The Limitronic machines, which deliver high resolution four colour printing, are being made available to install on the sites of Orora’s customers, allowing them to be able to print variable data on boxes in real time and on demand. Orora says its customers only need plain cartons which are then printed on demand, preventing over-ordering of pre-printed boxes and reducing inventory costs.

The Compact V5 offers similar benefits to the Orion V6, but on a reduced scale for smaller jobs.

Lowe says, “We are offering printing on customer’s sites. It takes the complexity out of our business. For example, a customer might have 30 different box lids. Set ups are slow, we have to hold stock and they have to hold stock. This way the customer can print specific information directly onto each lid themselves and it simplifies the whole process.

“The machines have been in the country for about a week. The model for installation with each customer will be varied, it could be dependent on each customer’s needs. They could need one device or all of them or ten of one.”

Scott Mayer of Orora Specialty Packaging says, “The Limitronic machines do inline digital printing and are applied at the end of the production line. It allows for customisation and different designs for specific variants. We can reduce inventory and print just before packaging products. There is flexibility in digital print.”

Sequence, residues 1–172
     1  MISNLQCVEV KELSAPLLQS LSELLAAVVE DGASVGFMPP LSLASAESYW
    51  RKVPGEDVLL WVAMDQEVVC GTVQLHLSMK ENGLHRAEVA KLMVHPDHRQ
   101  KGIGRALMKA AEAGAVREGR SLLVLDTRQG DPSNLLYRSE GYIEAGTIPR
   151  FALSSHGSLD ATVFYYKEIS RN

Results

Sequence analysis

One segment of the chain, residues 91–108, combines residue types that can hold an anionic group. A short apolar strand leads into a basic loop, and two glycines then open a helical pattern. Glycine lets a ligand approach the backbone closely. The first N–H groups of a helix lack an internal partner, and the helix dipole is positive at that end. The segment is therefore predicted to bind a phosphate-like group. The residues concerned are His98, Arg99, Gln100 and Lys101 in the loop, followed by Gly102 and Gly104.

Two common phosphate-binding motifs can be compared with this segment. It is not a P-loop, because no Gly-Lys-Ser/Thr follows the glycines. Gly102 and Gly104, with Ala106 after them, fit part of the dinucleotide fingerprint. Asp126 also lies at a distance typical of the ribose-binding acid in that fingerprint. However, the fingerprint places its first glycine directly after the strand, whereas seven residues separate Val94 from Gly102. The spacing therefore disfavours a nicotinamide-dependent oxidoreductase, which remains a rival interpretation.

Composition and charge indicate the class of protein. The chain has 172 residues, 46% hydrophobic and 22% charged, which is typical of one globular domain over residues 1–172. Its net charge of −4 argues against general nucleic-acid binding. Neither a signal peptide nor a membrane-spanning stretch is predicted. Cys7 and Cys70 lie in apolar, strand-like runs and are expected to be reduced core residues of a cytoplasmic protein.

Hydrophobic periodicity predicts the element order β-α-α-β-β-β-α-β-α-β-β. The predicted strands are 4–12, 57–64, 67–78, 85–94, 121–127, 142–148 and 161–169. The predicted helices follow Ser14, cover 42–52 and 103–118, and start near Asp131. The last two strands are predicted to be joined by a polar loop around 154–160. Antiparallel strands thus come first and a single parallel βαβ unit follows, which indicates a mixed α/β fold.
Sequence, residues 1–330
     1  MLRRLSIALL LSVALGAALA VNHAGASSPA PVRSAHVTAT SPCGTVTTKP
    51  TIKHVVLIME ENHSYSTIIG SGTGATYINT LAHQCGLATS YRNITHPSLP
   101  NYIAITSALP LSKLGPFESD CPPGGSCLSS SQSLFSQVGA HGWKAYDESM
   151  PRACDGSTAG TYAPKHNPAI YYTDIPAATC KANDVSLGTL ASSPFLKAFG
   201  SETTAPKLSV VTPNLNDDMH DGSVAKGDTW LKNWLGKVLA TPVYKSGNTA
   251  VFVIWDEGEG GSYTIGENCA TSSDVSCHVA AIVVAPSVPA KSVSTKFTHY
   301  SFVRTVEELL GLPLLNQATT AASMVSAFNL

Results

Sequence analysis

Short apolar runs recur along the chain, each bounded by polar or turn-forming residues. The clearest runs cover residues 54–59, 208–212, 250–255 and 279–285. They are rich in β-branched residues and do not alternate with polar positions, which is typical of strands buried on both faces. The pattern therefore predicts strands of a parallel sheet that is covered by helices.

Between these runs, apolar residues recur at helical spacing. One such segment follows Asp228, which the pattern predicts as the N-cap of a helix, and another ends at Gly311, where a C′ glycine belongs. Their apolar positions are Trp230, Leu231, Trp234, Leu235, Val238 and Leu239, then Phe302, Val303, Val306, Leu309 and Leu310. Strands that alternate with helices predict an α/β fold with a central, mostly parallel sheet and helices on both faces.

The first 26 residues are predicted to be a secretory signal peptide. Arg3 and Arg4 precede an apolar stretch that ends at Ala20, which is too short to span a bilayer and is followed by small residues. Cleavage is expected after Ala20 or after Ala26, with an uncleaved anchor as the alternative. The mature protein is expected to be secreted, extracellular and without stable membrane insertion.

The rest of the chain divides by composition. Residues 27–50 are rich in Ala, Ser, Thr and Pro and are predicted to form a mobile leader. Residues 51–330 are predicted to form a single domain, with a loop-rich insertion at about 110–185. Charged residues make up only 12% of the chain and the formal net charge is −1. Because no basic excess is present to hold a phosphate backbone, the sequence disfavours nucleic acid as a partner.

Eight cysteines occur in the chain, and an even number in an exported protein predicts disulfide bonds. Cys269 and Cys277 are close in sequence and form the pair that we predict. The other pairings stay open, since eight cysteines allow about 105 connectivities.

As part of its investment drive the company also recently invested $42m into expanding its Gawler glass plant in South Australia, expanding the glass bottle forming lines and increasing capacity by approximately 60 million bottles a year. Last year it completed construction on a $23m secondary water treatment plant at its Botany paper mill in Sydney.

The company is also securing a long term power purchasing agreement with global renewable energy provider Pacific Hydro, to supply wind-generated electricity for Orora’s SA operations, including its Gawler glass facility. Under the agreement, Orora will have a long term supply of renewable energy from Clements Gap Wind Farm, for a volume equal to Orora’s total electricity demand in the state.

Garrad says, “Orora operates energy intensive businesses and is continuing to actively investigate a range of options to manage higher energy prices and safeguard supply for the Australian operations.”

In its FY17 results, Orora Australia delivered a 2.3 per cent increase in sales revenue to $2bn from $1.95bn and EBIT (earnings before tax and interest) of $213.6m, a 6.6 per cent increase from $200.4m The company says both Australasian business groups – Fibre Packaging and Beverage – delivered earnings growth despite flat economic conditions and higher input costs.

Orora employs more than 6,700 people across 43 manufacturing plants and 88 distribution sites in seven countries. Across Australia and New Zealand it has 28 manufacturing sites. The ASX listed company demerged from Amcor four years ago and generated revenue in excess of $4bn in FY17.